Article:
ATHENS -- Last year against Vanderbilt, Brandon Kublanow was thrown into the game and had no idea what to do.
A freshman offensive lineman at the time, Kublanow had spent countless hours and endless nights studying the offensive playbook. There were times he thought he knew it. There were times he wasn’t so sure.
But as he entered the game to take a snap at left guard last year in Nashville, Tennessee, everything he’d practiced was instantly forgotten.
“I remember last year, they put me into the Vandy game, and my mind just went blank,” Kublanow said. “They called the play, and I just looked at Boss (David Andrews) and said, ‘I don’t know what I’m doing.’ That was crazy right there.”
That story might concern some Georgia fans, but it shouldn’t. Cluelessness from young, especially freshmen, offensive linemen is a common theme everywhere, not just at Georgia. With the wide variations of pass block versus run block schemes, linemen are expected to know the playbook as thoroughly as anyone.
For the then-18-year-old Kublanow, it was overwhelming.
“When you’re a freshman, it’s crazy because they’re just throwing plays at you left and right,” he said. “You think you know something, and then something comes up. You’re all flipped backwards and you know nothing now. It takes awhile.”
In Kublanow’s mind, it took him a full year to finally grasp the playbook. He even goes so far as to say he still doesn’t “know” the playbook. But he has a strong enough understanding of it to compete this year.
Coaches expect the same, apparently, because Kublanow earned most of the first-team reps at left guard in the preseason. He seems to be the starter at that spot, even though no spots are guaranteed.
“Right now, I’m rolling with the ones,” Kublanow said. “Really anything’s up for grabs right now at every position.”
The “up for grabs” mentality is fostered by offensive line coach Will Friend’s approach to picking his starting offensive line. He has been known in the past to rotate his linemen, trying to solidify the best combinations on the line. His tactics have been the same this offseason.
Former starters and newcomers have been shifted around with no one -- likely excluding senior center David Andrews -- completely sure where they’d earn most of their reps on the line this year.
Kublanow has adjusted to the uncertainty, although it does cause a little anxiety.
“It always puts you on edge, not knowing what’s going on. You just do you, and I know it’ll all work out in the end,” he said. “During the season Coach Friend will normally roll eight, so we all feel comfortable with each other. If one person’s next to me instead of another, it doesn’t really make a difference.”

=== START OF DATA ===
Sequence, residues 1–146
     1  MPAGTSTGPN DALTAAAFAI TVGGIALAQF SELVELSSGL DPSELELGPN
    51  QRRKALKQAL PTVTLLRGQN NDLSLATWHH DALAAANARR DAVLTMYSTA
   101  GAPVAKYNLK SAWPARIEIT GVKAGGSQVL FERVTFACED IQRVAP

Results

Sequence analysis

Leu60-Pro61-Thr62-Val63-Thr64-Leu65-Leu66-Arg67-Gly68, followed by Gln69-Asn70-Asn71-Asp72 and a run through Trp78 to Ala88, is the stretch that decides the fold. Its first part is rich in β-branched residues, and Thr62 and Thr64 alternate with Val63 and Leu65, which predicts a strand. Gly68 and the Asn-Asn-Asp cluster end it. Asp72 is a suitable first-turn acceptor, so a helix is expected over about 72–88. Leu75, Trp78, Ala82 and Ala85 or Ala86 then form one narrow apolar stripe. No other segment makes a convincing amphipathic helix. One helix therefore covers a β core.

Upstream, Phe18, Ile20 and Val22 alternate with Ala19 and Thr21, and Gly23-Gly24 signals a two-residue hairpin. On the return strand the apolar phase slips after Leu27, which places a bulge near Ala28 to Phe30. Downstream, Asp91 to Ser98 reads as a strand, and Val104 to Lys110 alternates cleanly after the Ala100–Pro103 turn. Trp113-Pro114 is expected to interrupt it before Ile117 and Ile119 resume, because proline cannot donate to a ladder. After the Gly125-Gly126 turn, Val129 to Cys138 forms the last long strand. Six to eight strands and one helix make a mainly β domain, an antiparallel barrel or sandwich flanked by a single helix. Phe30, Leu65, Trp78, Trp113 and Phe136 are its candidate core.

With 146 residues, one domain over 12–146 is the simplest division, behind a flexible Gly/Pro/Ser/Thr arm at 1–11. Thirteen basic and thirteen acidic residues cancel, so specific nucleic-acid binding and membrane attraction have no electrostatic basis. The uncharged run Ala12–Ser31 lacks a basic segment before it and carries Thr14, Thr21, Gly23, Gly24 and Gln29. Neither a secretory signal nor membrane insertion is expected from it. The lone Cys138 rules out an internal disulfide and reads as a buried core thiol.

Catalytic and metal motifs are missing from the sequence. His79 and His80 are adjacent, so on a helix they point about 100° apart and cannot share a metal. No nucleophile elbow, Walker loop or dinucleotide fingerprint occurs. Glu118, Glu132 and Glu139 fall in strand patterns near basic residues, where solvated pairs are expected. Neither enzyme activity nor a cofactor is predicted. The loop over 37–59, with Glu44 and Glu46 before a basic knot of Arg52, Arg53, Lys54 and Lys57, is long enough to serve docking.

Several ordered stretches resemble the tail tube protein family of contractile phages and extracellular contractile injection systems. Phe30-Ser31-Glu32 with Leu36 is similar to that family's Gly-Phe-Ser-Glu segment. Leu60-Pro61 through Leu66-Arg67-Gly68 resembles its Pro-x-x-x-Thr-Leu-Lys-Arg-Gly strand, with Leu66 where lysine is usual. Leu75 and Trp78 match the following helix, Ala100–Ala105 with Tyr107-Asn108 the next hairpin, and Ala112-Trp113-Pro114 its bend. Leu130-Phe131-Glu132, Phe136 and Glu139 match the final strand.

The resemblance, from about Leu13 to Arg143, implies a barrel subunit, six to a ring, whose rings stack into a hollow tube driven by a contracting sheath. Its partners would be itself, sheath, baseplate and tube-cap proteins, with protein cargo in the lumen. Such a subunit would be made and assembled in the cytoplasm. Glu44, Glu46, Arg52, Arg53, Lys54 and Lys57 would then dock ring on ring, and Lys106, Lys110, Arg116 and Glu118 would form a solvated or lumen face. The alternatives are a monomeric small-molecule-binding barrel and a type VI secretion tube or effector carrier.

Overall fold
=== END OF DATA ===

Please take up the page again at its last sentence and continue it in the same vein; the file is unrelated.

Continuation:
If Kublanow ultimately does lock down that starting left guard role, he’ll likely have Georgia’s longest-tenured offensive lineman lined up to the right of him at center. Andrews is widely considered to have the best knowledge of the Georgia playbook, Kublanow even saying he “thinks Boss knows more than the coaches sometimes.”
Kublanow obviously doesn’t expect to have that expertise yet, but he’s noticed a significant progress, even since the preseason began.
“I know most of it right now. Definitely not like Boss,” he said. “Boss knows everything, but I’m definitely way ahead from last year where I basically knew nothing. It’s kinda slowed the game down.”
Andrews has noticed the improvements Kublanow, whose nickname is “Box” has made, too, calling him “one of the more improved guys” since spring.
“I think Box had a good camp,” Andrews said. “He’s a done a lot better things. He’s gotten a lot better from spring to summer. I think he’s been working hard.”
Part of that improvement was purely overcoming health issues. In the spring, Kublanow came down with a stomach virus that caused him to drop almost 25 pounds. Knowing a 270-pound offensive lineman wouldn’t cut it in the SEC, Kublanow had some doubts but managed to gain it all back to return to his natural 295 pounds.
He knows this was (and will continue to be key) if he hopes to contribute in the way he wants to this year.
“I feel healthy, which is probably the most important thing for my continued progress,” Kublanow said.